Regional Cooperation on Energy Issues: Win-Win Situation for all countries

Islamabad, May 22, 2014

Speaking on the occasion of a daylong dialogue on ‘Trans Boundary Cooperation in Energy Sector’ was organized by Sustainable Development Policy Institute (SDPI) in cooperation with CUTS International and FES, India & Pakistan, Khurram Dastagir Khan, Minister of State for Commerce and Textile Industry, Pakistan, said that the government has now realized that for trade and investment, the third pillar is connectivity, i.e. banking, infrastructure, cell phone, energy, etc. Connectivity is paramount in regional integration, as regional cooperation provides opportunities and is a win-win situation for all the countries in the region, the minister said. He hoped that the balance between demand and supply of energy would be achieved in 2-3 years. He said a number of energy projects such as the KASA 1000 are in the pipeline, but these are subject to peace in FATA and Afghanistan region.

On the issue of trade with India, The Minister said the government has changed the traditional stance of trade with neighbours. The Minister informed the audience that TAPI project is in progress and an electricity grid between Pakistan and India is under construction. He said energy trade depends upon diplomatic goodwill. He added that after the recent visit of Prime Minister of Pakistan to Iran connectivity and trade between neighbours will be improved. He stressed on the point that the Government wants to change the impression in future years that ‘SAARC is a least connected region’.

Adil Khattak, Chief of Attock Oil Refineries, mentioned that energy deficit is as much important issue as health and sanitation, which is negatively affecting Pakistan and Afghanistan the most. He said that there is about 2-3 per cent deficit in total GDP of South Asian counties due to energy shortages. Stressing the need for regional trade of energy to leverage the economic growth of the country, he said regional trade will also facilitate the poor to access the cheaper goods.

Bipul Chatterjee, Deputy Executive Director, CUTS International mentioned that there is a dichotomy in the sector i.e. per capita energy consumption is very low and there is wide spread energy poverty but on the other hand, it is also a fact that there are several sources of energy that exists in the region, such as hydro, renewable, gas, nuclear, etc. Thus, the key question to be discussed is why are we unable to tap the sources? Lack of transparent and effective regulatory governance is one of the most important reasons, which the countries would need to address to ensure effective regional cooperation. Mr Chatterjee stressed on the importance of political will to trigger the need to bring about the reforms. He mentioned that unless we address the question that how much is the lack of energy costing our economy and cost of non-cooperation, until then it will be difficult to generate the political will.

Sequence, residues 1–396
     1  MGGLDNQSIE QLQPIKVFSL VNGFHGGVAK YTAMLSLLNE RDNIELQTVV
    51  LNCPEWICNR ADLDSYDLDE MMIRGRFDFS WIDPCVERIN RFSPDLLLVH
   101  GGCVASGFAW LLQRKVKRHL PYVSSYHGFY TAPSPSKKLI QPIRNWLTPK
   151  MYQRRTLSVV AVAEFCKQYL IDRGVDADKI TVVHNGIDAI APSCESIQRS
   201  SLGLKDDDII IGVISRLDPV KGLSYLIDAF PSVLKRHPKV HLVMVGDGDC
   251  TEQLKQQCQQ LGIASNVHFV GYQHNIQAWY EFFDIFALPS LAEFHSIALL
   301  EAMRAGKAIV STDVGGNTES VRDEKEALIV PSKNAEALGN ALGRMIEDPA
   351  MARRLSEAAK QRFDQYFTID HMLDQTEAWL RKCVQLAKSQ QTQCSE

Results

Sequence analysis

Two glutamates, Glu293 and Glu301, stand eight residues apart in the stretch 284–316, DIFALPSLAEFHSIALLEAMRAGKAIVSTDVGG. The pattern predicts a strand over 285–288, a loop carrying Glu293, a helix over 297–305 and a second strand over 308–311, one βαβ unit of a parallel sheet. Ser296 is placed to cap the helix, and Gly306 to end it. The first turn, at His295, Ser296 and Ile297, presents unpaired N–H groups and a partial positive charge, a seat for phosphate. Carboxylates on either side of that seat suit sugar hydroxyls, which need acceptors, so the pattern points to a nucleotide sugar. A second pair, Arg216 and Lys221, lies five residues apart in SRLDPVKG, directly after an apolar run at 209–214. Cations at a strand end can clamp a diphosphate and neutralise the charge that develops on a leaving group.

Indian Economic and Commercial Counsellor Rajesh Kumar Agnihotri said that energy security is the key issue. It is important for all countries in the region to focus on intra-regional aspects and various factors that need to be taken into consideration, such as need for infrastructure, which will require huge investments, need for harmonisation of regulatory mechanism so as to support the creation of a common market. Dr Vaqar Ahmed, SDPI’s Deputy Executive Director, said business community in the whole region is on the same page and now it’s time to materialize the past dreams. He stressed the need to bridge the gap between the government, civil society, and business community.

Mohsin Khalid, the Executive Director of ITC, said South Asia is undergoing chronic energy shortages especially India, Pakistan and Bangladesh and only Bhutan is the exemption because of low per capita consumption. He stressed the need for private sector’s involvement in multilateral projects. “We don’t have indigenous coal, and it results in bringing up the cost of energy.” He further added that energy is available across the border on cheaper rates but absence of effective connectivity is the biggest hurdle. He said TAPI should not be the immediate goal but the government should ensure ‘ways and means’ to involve businesses in transportation of energy.

He said power grid networks of Bangladesh, India and Pakistan may be used for the energy exchange. He stressed the need for a market based system where multilaterals can play their role.

Various other speakers from Iran, Afghanistan, Kazakhisan, India and Pakistan stressed on the need to exploit non-conventional sources of energy as well as increase in regional connectivity to boost trade and investment in South Asia. Issues such as need for policy harmonisation and building capacity of policymakers, regulators, etc were also discussed. In all, close to 80-90 participants actively participated in the dialogue.

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Udai S Mehta (; Gaurav Shukla (